My personal discovery of Kembra Pfahler in the Her Noise Archive provides me with the inspiration for the first artist I’d like to see interviewed for the archive – Cosey Fanni Tutti. Like Pfahler, she is an artist who emerged from a collision of art and punk and has similarly explored issues of the female body and conceptions of beauty through a multitude of media including music. It seems to me that she is a UK artist whose work contributed to the formation of the discourse we see continued in the work of many of the artists featured in the video archive.

My second choice of interviewee is Karin Dreijer Andersson of The Knife. The recent album Shaking the Habitual, and particularly the associated live show, has generated acclaim, criticism and bemusement in equal measure. The live show plays with layers of artifice, by presenting The Knife’s core members amidst a larger onstage collective and questioning the authenticity of ‘the live performance’ by having much musical and sung content clearly mimed by its various members, and an unusual weighting given to the importance of dance, costume, and mise-en-scene.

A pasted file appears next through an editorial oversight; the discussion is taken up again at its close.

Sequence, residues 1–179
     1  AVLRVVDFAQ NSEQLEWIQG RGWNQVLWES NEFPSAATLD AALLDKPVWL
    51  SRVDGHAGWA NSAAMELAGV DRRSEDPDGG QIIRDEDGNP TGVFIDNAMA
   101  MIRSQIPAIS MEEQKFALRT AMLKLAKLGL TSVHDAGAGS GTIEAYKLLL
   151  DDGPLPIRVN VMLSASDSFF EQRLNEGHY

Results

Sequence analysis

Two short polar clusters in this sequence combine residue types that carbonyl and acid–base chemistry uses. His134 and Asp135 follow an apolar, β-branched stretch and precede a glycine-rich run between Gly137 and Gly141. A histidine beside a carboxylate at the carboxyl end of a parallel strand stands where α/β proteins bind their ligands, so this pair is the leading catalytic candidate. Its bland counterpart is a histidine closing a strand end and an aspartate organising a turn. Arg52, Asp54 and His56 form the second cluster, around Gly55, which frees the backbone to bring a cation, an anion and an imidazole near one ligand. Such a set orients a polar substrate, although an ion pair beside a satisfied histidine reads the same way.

Image credit: The Knife Shaking the Habitual

I see Shaking the Habitual as relevant to the concerns of Her Noise in the following ways:

  1. It celebrates a collaborative mentality. The show was conceived and is realised collectively, in a manner that de-centres popular music performance conventions by obscuring or removing the ‘star’ or ‘artist’, and as Kim Einarsson, moderator of the artistic process for the collective, explains ‘allows different forms of production in various disciplines to interact, collide and feed from each other” (read more).
  2. As such it abandons assumed hierarchies of media – text, illustration, dance, costume, non-musical performance are as important as the music.